Shopify vs Amazon FBA: Which Platform Should You Use?

When deciding which e-commerce platform to use for your business, you will likely encounter two of the most prominent players, Shopify and Amazon FBA, as they are the key platforms on which many online stores are created. 

This article will compare Shopify to Amazon FBA and their features, ease of use, cost, market reach, and particular advantages and disadvantages of each platform to help you decide which platform is best for your e-commerce business.

An overview of Shopify and Amazon 

Amazon is an open store platform for selling products, offering access to millions of customers. Conversely, Shopify is an e-commerce software that helps merchants set up online stores and comes with a range of customisation options. 

Shopify better fits companies with hundreds to thousands of employees or stores and small to midsize businesses wanting more control over branding and customer experiences. In contrast, Amazon is better suited to independent sellers and companies wishing to access a massive customer base and fulfilment centres.

Features and Tools

Key features and tools offered by Shopify

Shopify offers many key features and tools, making it one of the most popular e-commerce platforms. Some of the key features include:

  • Storefront Themes & Customisation: Customers are offered a huge collection of professional, mobile responsive and easily customisable storefront themes. 
  • Shipping & Security: Shopify provides automatic shipping rates from major shipping carriers, handles country and state tax rates automatically, and offers a free Secure Sockets Layer (SSL) certificate for every store. However, it is up to the store owner to ensure orders are successfully fulfilled. 
  • Abandoned Cart Recovery: Shopify supports abandoned cart recovery features that help track and remind customers to complete their purchases.
  • Payment Gateway: Over 70 payment gateway integrations are available, and it offers its own payment gateway powered by Stripe, which does not charge transaction fees.
  • Marketing & SEO: Shopify offers SEO services, encourages product reviews, and offers various sales channels, such as Facebook shops, Instagram Shops, and Pinterest.
  • Product & Inventory Management: Shopify provides real-time inventory tracking and management, which the merchant can monitor.
  • Analytics: Shopify provides actionable dashboards for key analytics like orders, sales reports, and online store visitor data.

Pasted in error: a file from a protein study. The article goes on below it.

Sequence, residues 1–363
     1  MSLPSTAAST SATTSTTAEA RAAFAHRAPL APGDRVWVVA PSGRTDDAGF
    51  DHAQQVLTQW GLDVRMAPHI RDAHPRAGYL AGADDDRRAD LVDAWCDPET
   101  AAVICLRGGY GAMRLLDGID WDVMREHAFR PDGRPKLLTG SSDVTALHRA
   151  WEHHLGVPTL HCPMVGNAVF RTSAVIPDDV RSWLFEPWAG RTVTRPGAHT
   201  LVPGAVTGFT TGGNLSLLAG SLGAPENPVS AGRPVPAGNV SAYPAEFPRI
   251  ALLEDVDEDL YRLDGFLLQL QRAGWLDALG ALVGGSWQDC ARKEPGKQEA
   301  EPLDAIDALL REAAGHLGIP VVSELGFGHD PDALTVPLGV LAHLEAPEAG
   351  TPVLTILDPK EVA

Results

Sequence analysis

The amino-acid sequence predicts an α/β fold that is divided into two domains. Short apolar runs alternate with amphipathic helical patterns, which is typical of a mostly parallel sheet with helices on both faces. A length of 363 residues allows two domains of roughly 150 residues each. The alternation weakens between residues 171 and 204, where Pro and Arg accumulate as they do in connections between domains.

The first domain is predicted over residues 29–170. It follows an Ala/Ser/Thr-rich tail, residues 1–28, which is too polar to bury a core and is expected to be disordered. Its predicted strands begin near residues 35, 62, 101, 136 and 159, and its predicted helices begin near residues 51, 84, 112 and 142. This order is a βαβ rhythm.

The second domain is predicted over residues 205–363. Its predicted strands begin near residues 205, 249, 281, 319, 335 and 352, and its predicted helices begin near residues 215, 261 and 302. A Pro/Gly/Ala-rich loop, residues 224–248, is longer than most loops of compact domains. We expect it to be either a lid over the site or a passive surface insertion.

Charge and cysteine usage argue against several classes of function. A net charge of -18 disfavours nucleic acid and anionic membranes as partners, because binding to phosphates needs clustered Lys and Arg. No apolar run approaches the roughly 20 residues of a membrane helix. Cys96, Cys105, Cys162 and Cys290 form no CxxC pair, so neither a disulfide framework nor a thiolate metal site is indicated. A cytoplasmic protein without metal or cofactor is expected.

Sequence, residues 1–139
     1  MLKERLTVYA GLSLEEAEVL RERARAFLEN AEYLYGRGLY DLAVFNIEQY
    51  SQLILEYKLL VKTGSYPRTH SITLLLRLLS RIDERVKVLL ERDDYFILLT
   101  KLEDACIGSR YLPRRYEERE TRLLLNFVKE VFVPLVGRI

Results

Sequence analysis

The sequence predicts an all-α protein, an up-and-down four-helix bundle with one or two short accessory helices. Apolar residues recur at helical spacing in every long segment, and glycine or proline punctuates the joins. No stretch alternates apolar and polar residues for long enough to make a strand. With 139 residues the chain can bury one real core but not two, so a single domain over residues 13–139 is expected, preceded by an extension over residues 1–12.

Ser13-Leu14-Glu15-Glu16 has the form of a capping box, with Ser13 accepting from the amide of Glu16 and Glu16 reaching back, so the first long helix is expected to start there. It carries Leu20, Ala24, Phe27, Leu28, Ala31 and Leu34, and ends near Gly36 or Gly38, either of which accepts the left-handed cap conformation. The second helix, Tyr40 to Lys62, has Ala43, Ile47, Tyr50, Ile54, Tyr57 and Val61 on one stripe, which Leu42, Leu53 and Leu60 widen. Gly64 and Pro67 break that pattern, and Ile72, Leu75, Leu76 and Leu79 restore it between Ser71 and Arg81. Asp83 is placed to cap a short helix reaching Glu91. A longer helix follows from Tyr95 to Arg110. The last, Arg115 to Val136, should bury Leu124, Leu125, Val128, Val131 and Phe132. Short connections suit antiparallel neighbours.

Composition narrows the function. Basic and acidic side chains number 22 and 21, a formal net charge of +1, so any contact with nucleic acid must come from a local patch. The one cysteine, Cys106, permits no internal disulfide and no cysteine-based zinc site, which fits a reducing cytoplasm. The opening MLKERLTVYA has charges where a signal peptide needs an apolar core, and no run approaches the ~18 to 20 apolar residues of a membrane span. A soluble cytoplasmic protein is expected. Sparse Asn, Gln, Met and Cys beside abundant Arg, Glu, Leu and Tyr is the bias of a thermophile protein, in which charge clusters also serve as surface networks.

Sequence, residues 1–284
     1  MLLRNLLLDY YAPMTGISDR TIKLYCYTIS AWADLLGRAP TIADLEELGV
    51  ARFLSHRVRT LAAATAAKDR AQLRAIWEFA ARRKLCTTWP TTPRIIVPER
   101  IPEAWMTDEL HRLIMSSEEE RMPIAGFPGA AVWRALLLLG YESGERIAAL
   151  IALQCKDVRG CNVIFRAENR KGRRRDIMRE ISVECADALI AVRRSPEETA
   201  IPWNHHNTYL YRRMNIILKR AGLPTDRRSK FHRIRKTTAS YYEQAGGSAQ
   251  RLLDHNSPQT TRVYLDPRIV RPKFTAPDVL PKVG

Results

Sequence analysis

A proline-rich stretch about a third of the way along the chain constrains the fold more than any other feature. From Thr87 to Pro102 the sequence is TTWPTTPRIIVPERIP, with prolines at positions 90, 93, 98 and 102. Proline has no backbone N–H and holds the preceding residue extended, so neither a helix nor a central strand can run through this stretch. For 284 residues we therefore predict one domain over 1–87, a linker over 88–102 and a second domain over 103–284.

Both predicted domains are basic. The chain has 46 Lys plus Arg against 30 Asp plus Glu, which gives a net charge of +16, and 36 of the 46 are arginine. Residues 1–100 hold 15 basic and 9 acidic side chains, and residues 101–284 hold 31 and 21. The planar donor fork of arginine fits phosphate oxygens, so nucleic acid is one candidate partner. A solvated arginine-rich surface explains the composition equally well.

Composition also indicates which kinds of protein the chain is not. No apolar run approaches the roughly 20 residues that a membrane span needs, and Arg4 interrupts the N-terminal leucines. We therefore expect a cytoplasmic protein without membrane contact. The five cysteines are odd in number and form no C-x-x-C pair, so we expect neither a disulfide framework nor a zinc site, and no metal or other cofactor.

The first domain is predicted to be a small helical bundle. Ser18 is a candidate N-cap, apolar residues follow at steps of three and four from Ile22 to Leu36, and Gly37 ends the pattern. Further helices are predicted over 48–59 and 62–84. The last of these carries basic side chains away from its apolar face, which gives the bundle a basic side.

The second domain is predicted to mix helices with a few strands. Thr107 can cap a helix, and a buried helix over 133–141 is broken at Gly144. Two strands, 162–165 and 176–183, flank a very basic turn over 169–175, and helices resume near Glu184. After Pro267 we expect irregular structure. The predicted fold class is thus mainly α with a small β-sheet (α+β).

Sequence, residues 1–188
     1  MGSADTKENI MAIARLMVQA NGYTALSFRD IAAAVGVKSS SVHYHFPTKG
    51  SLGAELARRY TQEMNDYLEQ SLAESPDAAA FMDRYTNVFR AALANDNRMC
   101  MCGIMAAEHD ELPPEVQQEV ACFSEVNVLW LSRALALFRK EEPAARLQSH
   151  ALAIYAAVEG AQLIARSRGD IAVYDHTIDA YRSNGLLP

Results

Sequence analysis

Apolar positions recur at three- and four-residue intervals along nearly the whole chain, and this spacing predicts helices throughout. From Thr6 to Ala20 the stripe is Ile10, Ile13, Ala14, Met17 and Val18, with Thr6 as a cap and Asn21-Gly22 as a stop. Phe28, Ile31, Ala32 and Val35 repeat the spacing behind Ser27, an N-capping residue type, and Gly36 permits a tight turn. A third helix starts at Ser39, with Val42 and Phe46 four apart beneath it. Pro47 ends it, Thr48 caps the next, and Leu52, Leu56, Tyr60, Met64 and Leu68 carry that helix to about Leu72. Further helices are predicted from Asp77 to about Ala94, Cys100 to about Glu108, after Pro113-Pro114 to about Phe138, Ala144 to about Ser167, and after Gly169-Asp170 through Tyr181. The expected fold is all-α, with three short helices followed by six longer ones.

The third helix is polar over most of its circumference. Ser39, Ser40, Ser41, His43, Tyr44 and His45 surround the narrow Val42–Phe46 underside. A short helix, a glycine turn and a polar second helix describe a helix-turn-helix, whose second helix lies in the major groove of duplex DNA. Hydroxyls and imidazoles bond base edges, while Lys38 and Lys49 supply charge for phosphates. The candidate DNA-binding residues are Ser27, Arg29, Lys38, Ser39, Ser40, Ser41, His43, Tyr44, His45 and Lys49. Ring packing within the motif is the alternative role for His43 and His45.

Key features and tools offered by Amazon FBA

In comparison, Amazon FBA offers similar features but to different extents. Ultimately, those who choose to use Amazon FBA can rely more on Amazon services than on their own responsibilities when using Shopify. 

  • Online Marketplace: Amazon is the largest marketplace for listing and selling products. Although there are no storefront customisation options available on Amazon, sellers can boost their visibility using this platform. 
  • Order Fulfilment: Unlike Shopify, Amazon FBA offers complete order fulfilment, from accepting payment to packaging products, shipping, and delivering to customers. FBA also allows sellers to fulfil orders from other sales channels, like their websites or other marketplaces, not just Amazon.
  • Targeted Ads: Amazon primarily relies on retargeting with ads to win back customers who have abandoned their carts rather than sending abandoned cart emails.
  • Simple Checkouts: Amazon uses its payment gateway, Amazon Pay, which accepts all major credit and debit cards as well as Amazon vouchers. This option is ideal for sellers who want to simplify their payment acceptance processes.
  • Inventory Management: One key feature of Amazon FBA is inventory management on behalf of the seller. Amazon handles product storage, warehousing, and inventory monitoring. 
  • Product Listing Rankings: While Amazon offers no SEO services, sellers can pay to have their products featured in specific search results. Agencies like Mercatus also specialise in Amazon product rankings to help sellers boost online sales through the platform. 
  • Customer Service: Amazon provides 24/7 customer service for FBA orders, handling returns and refunds on behalf of the seller.
Customer Service

Ease of Use 


The Shopify dashboard presents a clean, organised interface that makes navigating and managing all aspects of your online store easy. Creating a new product, customising your storefront, and setting up shipping and payment options are relatively straightforward. Shopify’s drag-and-drop page builder allows you to easily customise your website’s design without writing your own code, which is ideal for those setting up their first online store. 

The platform also has over 6,000 apps available, offering extended functionality for businesses, whether integrating with social media platforms, automating marketing tasks, or enhancing how customers experience your online store.

Shopify offers excellent customer support, with 24/7 access to live chat, email, and phone assistance for those who need help setting up their store. However, given Shopify’s more versatile functionality, their response times can sometimes be much slower. There are also ample tutorials and professional resources available for store owners.